• Other objects and advantages of the invention will be apparent to those skilled in the art based on the following drawings and detailed description.
  • BRIEF DESCRIPTION OF THE DRAWINGS
  • FIG. 1 illustrates an exemplary industrial design associated with the adaptive computing system described herein, according to one aspect of the invention.
  • FIG. 2 illustrates an exemplary connection diagram associated with the adaptive computing system described herein, according to one aspect of the invention.
  • FIG. 3 illustrates an exemplary power backplane associated with the adaptive computing system described herein, according to one aspect of the invention.
  • FIG. 4 illustrates an exemplary master controller associated with the adaptive computing system described herein, according to one aspect of the invention.
  • FIG. 5A illustrates an exemplary side view and FIG. 5B illustrates an exemplary front view associated with a backplane topology that may be used in the adaptive computing system described herein, according to one aspect of the invention.
  • FIG. 6 illustrates an exemplary safety interlock system that may be used in the adaptive computing system described herein, according to one aspect of the invention.
  • FIG. 7 illustrates an exemplary motherboard used in computer modules associated with the adaptive computing system described herein, according to one aspect of the invention.
  • FIG. 8 illustrates an exemplary form-factor associated with the modular switching architecture that may be used in the adaptive computing system described herein, while FIG. 9 illustrates an exemplary block diagram associated with certain switching circuitry that may be used in the modular switching architecture, according to one aspect of the invention.
  • FIG. 10 illustrates an exemplary block diagram associated with a hardware remote control that may be used in the adaptive computing system described herein, according to one aspect of the invention.
  • DETAILED DESCRIPTION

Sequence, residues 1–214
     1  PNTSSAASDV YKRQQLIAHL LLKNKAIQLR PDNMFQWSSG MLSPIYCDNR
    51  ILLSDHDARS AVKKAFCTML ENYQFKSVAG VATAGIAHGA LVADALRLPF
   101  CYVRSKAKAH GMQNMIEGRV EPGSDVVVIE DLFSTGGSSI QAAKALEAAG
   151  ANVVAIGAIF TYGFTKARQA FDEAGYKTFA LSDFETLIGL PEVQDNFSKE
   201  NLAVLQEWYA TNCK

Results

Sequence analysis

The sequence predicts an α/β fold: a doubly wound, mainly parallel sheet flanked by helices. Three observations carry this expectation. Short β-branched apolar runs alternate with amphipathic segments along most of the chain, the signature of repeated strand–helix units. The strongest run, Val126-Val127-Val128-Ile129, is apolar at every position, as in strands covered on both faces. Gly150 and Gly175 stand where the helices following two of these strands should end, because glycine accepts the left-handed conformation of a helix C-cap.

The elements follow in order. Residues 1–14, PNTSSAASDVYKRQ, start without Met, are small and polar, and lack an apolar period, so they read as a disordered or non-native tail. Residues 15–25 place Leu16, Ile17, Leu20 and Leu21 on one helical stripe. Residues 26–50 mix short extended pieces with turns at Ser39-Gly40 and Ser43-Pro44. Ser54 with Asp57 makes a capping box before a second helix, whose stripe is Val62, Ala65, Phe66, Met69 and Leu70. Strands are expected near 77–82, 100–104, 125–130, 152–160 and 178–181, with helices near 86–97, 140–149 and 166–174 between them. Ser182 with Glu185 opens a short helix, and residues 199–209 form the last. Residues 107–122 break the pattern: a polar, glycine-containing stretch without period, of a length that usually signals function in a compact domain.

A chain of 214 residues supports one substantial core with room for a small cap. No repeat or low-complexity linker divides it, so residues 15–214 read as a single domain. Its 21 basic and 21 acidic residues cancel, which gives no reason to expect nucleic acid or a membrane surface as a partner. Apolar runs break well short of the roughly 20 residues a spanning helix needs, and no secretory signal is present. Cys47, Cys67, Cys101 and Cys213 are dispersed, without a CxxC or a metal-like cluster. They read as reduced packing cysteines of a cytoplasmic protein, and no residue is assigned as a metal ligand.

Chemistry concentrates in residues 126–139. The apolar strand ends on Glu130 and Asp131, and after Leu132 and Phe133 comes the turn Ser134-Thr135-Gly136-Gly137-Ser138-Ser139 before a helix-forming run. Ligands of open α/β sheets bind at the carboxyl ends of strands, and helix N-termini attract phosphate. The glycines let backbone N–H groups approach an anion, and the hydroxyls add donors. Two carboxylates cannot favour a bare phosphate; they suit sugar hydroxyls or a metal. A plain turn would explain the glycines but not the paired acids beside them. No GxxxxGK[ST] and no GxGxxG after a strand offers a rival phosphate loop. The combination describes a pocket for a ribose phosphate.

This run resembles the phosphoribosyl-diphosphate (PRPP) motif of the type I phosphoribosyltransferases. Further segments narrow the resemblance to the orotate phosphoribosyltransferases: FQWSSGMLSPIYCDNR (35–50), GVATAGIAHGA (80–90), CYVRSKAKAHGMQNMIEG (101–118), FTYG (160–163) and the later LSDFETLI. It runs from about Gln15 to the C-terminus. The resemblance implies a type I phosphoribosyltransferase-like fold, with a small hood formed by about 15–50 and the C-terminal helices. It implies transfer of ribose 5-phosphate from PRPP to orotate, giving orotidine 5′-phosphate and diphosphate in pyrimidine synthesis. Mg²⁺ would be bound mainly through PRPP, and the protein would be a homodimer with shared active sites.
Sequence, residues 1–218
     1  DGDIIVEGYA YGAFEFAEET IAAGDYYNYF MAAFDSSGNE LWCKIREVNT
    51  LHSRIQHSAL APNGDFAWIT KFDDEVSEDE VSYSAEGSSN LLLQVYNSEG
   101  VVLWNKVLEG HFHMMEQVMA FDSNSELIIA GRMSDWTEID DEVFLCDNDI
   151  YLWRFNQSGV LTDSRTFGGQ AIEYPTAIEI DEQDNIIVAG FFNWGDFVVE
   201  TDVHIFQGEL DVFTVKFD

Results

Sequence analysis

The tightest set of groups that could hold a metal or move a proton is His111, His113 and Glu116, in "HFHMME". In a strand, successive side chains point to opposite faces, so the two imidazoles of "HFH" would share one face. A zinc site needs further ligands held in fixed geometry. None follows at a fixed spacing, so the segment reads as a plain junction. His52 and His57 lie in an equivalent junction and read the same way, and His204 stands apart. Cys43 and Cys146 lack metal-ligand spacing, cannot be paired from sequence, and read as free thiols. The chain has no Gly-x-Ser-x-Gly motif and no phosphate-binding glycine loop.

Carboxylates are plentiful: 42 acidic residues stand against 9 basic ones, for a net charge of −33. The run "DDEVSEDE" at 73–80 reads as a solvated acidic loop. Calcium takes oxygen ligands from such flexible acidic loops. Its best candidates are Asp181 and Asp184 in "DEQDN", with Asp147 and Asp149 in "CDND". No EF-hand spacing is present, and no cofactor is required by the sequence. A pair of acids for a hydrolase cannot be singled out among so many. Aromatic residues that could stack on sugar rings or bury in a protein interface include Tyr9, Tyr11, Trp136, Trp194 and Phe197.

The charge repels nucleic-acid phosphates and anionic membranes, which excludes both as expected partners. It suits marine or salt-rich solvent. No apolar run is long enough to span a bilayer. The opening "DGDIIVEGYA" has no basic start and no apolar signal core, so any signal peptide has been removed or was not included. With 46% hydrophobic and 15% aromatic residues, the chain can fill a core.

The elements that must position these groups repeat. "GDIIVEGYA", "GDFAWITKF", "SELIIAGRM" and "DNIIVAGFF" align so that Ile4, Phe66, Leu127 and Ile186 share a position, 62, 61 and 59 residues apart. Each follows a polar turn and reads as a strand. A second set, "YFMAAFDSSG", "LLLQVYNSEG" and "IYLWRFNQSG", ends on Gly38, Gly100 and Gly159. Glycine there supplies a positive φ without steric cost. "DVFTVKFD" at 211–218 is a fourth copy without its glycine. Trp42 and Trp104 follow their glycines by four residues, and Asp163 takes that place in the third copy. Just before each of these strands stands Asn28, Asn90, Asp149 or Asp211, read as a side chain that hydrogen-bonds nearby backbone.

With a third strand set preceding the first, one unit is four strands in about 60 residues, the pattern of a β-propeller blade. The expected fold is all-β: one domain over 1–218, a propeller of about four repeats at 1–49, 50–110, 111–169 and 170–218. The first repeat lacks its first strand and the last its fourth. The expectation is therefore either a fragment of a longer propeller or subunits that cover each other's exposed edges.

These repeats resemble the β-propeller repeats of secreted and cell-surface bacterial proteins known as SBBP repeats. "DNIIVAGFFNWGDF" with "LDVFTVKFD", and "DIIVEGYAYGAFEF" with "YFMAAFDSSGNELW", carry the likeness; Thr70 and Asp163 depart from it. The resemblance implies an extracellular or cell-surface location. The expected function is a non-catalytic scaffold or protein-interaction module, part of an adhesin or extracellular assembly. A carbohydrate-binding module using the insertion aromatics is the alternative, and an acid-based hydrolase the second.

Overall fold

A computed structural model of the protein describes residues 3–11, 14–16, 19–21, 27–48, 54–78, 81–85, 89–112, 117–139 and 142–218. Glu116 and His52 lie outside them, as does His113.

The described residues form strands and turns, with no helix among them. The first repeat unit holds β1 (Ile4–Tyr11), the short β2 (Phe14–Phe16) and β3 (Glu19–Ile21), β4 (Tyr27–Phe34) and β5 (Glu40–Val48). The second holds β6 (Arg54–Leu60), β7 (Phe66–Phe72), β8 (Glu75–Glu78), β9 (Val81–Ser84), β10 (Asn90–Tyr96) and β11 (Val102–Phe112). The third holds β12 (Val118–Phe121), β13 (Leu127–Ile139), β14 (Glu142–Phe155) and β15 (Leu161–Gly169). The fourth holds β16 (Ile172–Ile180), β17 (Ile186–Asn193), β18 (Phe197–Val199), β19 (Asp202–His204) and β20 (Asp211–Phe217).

• According to one aspect of the invention, FIG. 1 illustrates an exemplary industrial design 100 associated with the adaptive computing system described herein. In particular, the industrial design 100 may generally address concerns relating to power consumption and thermal output in small areas, physical dimensions suitable in limited work spaces, cable management, easy assembly, deployment, and service, low initial cost, among other factors that relate to user needs to deploy multiple computers in a work space. For example, in one implementation, the industrial design 100 shown in FIG. 1 may permit users to deploy one or more computer modules 120 having different processor and memory configurations to meet different computing needs and identical motherboards to simplify deployment. Furthermore, relative to traditional desktop computers, the industrial design 100 may allow users to realize savings in the deployment space, power consumption, and thermal output associated with the adaptive computing system, among other factors relevant to deploying multiple computers in a particular work space. Moreover, the industrial design 100 may make the adaptive computing system convenient to operate, especially to users that may have previously interconnected standalone desktop computers via keyboard-video-mouse (KVM) switches to realize multiple desktop computing solutions. In one implementation, the industrial design 100 may generally enable users to deploy a vertical stack having multiple computer modules 120 a-c, which may represent compact, high-density, and independent computing solutions. For example, in one implementation, the industrial design 100 may include various building blocks that may be utilized to construct the stack in a manner that meets the particular needs associated with any particular user, including a base module 110 to provide common power supply and Ethernet-Control-KVM (ECKVM) switching to the entire stack. In addition, the building blocks may include one or more power and ECKVM backplanes having mechanical and electrical interconnections to stabilize the various computer modules 120 in the stack and carry power signals and ECKVM switching signals to and from the base module 110. In one implementation, as will be described in further detail below, the adaptive computing system may further include a remote control to operate the stack, the ECKVM switching functionality integrated therein, and any computer modules 120 deployed therein.